It's a very large house and many of the rooms are true show-stoppers that make you gape. There are also tapestries that have been in the house since the 1590s - because Chatsworth was the main family residence, Hardwick wasn't modernised as much as it might have been.  

Hardwick also has a really distinct smell, which comes from the rush-matting that covers the floors. It was used back in Bess's time and is still used today. You can see it in this admittedly-not-great photo of the Long Gallery:


Hardwick Hall Long Gallery

And the scones? There's a really nice modern restaurant to the side of the Hall itself where a cream tea consists of two whopping scones, fruit, plain or cherry. A bit of eavesdropping led me to conclude that everyone - EVERYONE - in the tea room was discussing either the enormity of the scones or the missing plane in Malaysia. But the scones were very tasty - raspberry jam is not really my thing and they looked a tad dry when I cut them but they were actually very soft and chewy.


Hardwick Hall National Trust Scones

But you know what? I also had two less-than-great things happen to me today and I am going to tell you about them. 

1. Visiting National Trust properties alone is not very enjoyable
This depresses me but I have to say it: I was on a solo mission today, as my other half was in Rome at the rugby, and it really wasn't much fun. I know that part of this is having no-one to talk to as you walk round and that's not the National Trust's fault - that applies wherever you are. However, why do NT staff have to say "Is it just you then?" when you're showing your pass at the entrance? It happened to me today at Hardwick and it happened at Lyme House last year (on three separate occasions in fact as I went round the house). Are they expecting me to suddenly remember that I left my husband and 3 children in the car? Or that I have secreted my mother under my coat?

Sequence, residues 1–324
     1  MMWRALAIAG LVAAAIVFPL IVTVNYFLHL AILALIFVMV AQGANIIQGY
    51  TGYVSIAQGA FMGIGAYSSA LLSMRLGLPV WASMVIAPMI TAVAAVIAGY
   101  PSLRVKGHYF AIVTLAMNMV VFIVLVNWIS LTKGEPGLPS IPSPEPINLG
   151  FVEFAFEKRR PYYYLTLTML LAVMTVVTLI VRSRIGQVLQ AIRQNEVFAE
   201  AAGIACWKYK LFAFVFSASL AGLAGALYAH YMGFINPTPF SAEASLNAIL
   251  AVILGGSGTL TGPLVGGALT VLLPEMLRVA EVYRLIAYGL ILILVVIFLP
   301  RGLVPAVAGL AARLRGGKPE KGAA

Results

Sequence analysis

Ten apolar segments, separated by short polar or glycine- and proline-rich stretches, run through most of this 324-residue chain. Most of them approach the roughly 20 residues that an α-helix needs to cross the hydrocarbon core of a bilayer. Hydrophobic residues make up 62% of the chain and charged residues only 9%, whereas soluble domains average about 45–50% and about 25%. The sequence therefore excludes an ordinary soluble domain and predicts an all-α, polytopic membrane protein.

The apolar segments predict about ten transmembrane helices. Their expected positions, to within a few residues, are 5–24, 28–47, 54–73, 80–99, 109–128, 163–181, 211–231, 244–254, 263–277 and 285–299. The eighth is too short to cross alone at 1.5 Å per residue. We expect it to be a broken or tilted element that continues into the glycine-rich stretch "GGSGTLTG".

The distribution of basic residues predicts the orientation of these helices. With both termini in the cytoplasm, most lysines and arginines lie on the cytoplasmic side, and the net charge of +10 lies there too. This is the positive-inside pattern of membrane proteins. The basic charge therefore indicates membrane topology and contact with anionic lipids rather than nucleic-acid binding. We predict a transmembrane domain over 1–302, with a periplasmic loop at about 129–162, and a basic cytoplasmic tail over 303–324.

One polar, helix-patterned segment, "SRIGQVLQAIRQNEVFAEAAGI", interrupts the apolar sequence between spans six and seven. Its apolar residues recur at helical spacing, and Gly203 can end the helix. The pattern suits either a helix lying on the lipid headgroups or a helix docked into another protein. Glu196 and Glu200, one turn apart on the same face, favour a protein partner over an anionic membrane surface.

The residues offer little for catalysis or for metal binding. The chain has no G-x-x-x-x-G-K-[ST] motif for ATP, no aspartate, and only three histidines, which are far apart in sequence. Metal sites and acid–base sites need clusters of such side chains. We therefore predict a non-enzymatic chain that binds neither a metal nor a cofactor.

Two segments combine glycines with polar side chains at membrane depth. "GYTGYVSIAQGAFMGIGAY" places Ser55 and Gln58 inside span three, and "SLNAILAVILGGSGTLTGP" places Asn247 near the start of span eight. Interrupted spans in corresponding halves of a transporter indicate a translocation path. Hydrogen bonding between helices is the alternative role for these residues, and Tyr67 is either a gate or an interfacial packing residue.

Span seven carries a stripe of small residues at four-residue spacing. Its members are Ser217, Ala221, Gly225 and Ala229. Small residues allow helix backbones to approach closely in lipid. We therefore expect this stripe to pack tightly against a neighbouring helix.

2. My taxi driver on the way there was like Fred West 
I am not an uncharitable person but he was horrible. My conversation with him went like this: 
Him: "I couldn't be doing with stately homes."
Me: "Oh?"
Him: "Do you know how much they charge you to get in here?"
Me: "No."
Him: "An arm and a leg. More than £10 anyway. And then a cup of tea is £3 and all it is is a tea bag and water."
Me: "Right."
Him: "Do you know the only stately home I would go to?"
Me: "No."
Him: "Blenheim. Do you know who lived there?"
Me: (lying) "No."
Him: "Winston Churchill. Or Obersalzburg. Do you know who lived there?"
Me: (warily) "No."
Him: "Hitler."
(At this point I start seriously assessing whether I would be irreparably injured if I threw myself out of the moving car.)
Him: "Or The Kremlin, where Stalin lived. These houses here were just owned by the second cousin of some toff. And we pay for it! I would rather see where war leaders lived, someone who had actually done summat."
Me: (trying not to cry) "Right."
Him: "Look at it, there's nothing here but a few trees. They've not even put any deer in it! Mind you, you could bring a bird up here for nookie I suppose."
Me: "OK! Here's all my money! Thankyoubye!"

But even Fred West and being made to feel like a no-mates couldn't ruin the amazing experience of Hardwick. I definitely recommend it.

Hardwick Hall: 4.5 out of 5
Scones: 4.5 out of 5

No comments:

Post a Comment